On balance, it is most parsimonious to infer that, although turnover may or may not be pulsed, interval boundaries do not coincide consistently with pulses, so continuous-time rates are more realistic than turnover proportions. These rates also have the advantage of removing the upper bound present in proportions, which can cause analytical artifacts. The continuous rates are not standardized for bin length in subsequent analyses because of the timescale’s relative homogeneity and the suggestion that doing so would bias them. For the current dataset, this technical problem is most likely moot, because there is no trend through time in bin length (ρ = 0.168, n.s.), and the standard deviation of logged bin lengths is modest (0.348).
Again based largely on Sepkoski’s data, it has long been believed that there has been a decline through the Phanerozoic in both extinction rates (Raup and Sepkoski, 1982) and origination rates (Gilinsky and Bambach, 1987). These observed declines are robust to the choice of rate metrics (Foote, 1994b). Indeed, the new data clearly support a decline in both kinds of rates (extinction vs. time: ρ = 0.547, P < 0.001; origination vs. time: ρ = 0.533, P < 0.001). The patterns are influenced by extremely high values at the beginning of the time series that represent the Cambrian and earliest Ordovician (Fig. 11.1). However, removing these points does not greatly weaken the trends (extinction: ρ = 0.446, P = 0.003; origination: ρ = 0.465, P = 0.002). It is noteworthy that the correlations still appear even though the earlier studies (Raup and Sepkoski, 1982; Gilinsky and Bambach, 1987; Gilinsky, 1994) used finer timescales and therefore had greater statistical power. They also did not correct for sampling biases that would favor finding such a pattern.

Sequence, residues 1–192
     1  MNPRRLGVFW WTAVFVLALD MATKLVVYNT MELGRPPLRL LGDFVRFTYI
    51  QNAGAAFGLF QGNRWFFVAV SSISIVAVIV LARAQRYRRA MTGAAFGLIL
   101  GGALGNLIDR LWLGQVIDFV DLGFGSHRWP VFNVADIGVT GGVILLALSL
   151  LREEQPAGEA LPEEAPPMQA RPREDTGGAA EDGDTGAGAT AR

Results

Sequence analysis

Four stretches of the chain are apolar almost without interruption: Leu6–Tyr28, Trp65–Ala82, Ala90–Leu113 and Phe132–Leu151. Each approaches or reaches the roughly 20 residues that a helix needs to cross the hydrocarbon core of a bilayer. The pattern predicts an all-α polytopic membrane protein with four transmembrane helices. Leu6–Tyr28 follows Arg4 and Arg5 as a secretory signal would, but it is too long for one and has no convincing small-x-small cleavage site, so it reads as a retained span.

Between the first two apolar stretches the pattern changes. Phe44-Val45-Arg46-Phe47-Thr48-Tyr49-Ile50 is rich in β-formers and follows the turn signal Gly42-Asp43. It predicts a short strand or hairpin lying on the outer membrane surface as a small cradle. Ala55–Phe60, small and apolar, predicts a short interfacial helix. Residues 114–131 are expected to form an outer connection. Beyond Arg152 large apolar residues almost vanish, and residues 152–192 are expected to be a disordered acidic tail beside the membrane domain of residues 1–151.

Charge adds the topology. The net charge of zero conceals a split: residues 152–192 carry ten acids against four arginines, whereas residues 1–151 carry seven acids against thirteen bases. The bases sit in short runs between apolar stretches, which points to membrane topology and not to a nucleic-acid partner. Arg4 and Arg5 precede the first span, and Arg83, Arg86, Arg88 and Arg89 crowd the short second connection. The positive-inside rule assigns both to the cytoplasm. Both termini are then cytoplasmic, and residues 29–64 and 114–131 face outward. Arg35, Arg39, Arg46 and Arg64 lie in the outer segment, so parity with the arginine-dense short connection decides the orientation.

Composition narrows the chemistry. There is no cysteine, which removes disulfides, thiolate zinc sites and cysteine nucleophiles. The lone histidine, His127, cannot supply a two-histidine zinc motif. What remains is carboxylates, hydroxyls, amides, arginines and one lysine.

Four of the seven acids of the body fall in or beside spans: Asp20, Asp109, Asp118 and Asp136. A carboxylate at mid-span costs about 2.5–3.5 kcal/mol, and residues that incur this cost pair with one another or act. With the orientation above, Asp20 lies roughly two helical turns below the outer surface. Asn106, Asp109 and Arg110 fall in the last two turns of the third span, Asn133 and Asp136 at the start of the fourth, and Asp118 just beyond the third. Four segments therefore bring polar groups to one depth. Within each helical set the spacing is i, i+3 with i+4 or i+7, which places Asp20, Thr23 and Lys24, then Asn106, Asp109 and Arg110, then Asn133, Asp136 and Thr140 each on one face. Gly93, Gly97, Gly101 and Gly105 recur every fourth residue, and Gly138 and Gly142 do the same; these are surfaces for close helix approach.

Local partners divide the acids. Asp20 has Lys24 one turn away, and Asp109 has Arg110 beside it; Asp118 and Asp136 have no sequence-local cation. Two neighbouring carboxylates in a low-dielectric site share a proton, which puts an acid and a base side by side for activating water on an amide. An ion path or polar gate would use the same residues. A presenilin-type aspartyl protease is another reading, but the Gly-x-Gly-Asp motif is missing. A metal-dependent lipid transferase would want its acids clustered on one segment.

To quantify the steepness of the declines, it is appropriate to perform a linear regression after log-transforming the turnover rates (Quinn, 1983; Foote, 1994), which is necessary because they are skewed and bounded by zero. For extinction and origination after the earliest Ordovician, the respective regression slopes are 0.201% and 0.158% per Myr, and the intercepts at 0 Ma are 0.218 and 0.282. Sepkoski’s data imply much steeper slopes and predict much lower extinction rates for the Neogene (Peters, 2006), which is expected because the data are influenced by the Pull of the Recent.
The drop in rates could be explained in at least four ways. First, a trend might be created by sampling biases or an increase through the Phanerozoic in the average durations of sampling bins (Pease, 1992). The former problem has been fully resolved by sampling standardization of the data and by the use of rate equations that are robust to edge effects